Pastor Henry's Memo

August 2018

Work Beginning on Steeple and Tower

At last, the work is beginning on our lightning damaged steeple and tower.  It's been many weeks from that bleak Friday in July.  At the end of the summer season we begin a project of renewal.  Each step along the way to recovery and celebration will bring with it some inconveniences, but none that will compromise our faith in God.  We're not sure when worship in the sanctuary will begin.  Neither do we know when our sound system will be functioning again.  However, we continue to move forward.  The Calvary trustees are working with our insurance agent and contractors to see the necessary repairs are completed in accordance with industry standards.  As we move through each stage of this project we continue to rely on our congregation to keep those who make decisions in her prayers.  As we continue to go about the business of being a faithful worshiping people of God we do not suspend our ministries nor our mission.  Our church pictorial directory, our Basket Auction, and our stewardship drive for 2019 continue apace.  Other activities that mark us as a United Methodist community of believers are also being accomplished.  Our steeple and tower will once again rise above the Syracuse community as a symbol of our enduring faith and trust in God.

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Graffiti and Good Deeds!

As I was stopped waiting for a train to pass, I noticed the graffiti.  I mean, I really noticed the graffiti, instead of counting the cars as they passed by.  The train was moving slowly enough I could see what an impressive artistic effort much of it was.  Then my social conscious mind kicked on and I wondered if the owners of those rail cars cared if they were painted?  Whether anyone was caught with spray-paint-can in hand?  Does anyone go to jail for defacing someone's private property?  Is graffiti so ubiquitous as to be accepted as no big deal?  Rail cars are one thing.  What about school buildings or churches or shop windows or gravestones?  I suppose the graffiti artists who paint rail cars find some kind of satisfaction knowing their contribution to art travels on railroad tracks to places far beyond their neighborhood.  I'm aware there are some masters of the art who are quite well known; Blansky, Kobra, #4 Blek le Rat, Choe, Basquiat...The list is quite impressive.  I wonder about comparing graffiti to good deeds.  Or smiles.  Or kind words.  I can imagine they too travel far beyond our neighborhoods and they too contribute to life and what's more, I can't imagine anyone objecting to them.  Funny how this memo began because I was stopped by a train and instead of tapping my foot in anxious inconvenience, I noticed art.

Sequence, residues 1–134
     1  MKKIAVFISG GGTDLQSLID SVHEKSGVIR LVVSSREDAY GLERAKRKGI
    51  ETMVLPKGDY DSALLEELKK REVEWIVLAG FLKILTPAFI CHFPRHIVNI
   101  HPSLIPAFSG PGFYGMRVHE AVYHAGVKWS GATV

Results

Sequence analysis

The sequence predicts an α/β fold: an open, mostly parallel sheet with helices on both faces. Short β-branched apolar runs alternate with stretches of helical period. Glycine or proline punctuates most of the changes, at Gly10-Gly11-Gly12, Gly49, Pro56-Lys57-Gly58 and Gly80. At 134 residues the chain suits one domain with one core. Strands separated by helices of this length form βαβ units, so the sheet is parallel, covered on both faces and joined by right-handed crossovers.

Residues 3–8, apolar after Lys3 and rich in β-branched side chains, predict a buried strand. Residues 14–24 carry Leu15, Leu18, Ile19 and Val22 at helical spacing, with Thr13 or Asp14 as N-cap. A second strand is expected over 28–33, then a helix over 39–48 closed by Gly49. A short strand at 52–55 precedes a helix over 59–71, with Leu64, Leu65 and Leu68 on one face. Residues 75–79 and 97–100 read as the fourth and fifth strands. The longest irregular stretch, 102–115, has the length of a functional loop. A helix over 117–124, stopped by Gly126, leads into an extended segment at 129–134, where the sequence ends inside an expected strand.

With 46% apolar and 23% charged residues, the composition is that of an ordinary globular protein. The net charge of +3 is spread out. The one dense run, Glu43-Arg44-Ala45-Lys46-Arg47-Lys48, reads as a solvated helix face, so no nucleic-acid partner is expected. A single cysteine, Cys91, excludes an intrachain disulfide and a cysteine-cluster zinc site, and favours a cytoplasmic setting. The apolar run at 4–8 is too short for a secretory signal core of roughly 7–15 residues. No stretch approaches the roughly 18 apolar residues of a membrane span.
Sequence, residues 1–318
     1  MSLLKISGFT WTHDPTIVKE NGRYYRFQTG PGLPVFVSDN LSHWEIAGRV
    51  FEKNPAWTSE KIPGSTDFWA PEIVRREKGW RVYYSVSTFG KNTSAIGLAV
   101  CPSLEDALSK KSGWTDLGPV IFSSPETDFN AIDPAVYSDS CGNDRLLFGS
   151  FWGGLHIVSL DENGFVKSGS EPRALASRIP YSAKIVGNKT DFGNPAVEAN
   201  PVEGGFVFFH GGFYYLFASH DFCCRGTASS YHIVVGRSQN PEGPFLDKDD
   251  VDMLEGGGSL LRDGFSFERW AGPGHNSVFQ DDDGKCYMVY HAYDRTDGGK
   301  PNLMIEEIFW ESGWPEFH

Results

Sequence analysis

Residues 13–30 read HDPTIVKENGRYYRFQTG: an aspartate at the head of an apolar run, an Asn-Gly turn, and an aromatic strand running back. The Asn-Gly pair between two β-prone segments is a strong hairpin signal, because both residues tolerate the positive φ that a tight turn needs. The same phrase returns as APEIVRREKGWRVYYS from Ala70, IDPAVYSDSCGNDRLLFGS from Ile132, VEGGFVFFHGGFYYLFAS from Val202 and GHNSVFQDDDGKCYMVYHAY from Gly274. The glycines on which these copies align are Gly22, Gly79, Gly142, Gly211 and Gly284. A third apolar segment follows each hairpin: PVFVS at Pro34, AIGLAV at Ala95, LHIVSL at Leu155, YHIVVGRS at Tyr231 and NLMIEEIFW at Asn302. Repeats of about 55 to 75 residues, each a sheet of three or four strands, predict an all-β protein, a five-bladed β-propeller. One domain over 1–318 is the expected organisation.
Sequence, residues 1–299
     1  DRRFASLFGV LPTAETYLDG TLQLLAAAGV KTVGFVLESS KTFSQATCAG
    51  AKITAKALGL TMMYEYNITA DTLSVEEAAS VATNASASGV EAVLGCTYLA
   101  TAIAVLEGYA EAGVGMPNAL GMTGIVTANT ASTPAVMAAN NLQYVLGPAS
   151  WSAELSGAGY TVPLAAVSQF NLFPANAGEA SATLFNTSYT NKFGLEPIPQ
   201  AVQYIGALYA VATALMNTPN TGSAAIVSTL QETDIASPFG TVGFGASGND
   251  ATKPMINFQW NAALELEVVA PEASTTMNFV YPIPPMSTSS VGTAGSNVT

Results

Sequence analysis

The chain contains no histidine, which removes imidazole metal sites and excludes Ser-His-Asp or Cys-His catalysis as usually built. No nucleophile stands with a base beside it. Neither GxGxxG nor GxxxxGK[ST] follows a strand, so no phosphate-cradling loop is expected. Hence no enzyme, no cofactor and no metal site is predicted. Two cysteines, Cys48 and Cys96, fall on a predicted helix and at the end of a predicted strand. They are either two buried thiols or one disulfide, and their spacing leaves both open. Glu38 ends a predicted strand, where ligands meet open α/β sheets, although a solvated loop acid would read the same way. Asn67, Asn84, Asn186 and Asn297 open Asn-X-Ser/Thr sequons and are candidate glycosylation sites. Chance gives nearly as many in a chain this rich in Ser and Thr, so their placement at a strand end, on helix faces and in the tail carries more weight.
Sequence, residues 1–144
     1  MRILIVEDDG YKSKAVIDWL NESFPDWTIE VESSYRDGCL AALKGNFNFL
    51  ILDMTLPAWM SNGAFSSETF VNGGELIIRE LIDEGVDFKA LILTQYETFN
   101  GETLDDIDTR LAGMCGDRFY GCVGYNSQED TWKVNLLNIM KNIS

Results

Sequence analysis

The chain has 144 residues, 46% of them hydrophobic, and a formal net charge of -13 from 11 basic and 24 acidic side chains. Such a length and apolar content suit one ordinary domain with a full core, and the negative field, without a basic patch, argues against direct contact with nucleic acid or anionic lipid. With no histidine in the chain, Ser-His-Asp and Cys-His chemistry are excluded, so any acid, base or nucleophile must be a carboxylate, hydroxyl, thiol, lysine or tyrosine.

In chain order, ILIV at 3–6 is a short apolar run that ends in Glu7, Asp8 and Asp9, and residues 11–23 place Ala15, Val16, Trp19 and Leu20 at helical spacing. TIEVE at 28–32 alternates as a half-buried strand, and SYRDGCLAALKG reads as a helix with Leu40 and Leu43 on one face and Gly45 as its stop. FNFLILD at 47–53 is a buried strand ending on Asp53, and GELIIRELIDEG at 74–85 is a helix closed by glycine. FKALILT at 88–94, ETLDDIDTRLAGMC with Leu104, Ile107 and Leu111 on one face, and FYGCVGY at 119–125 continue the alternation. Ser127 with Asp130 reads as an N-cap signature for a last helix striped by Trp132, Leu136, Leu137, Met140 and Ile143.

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Bread of Life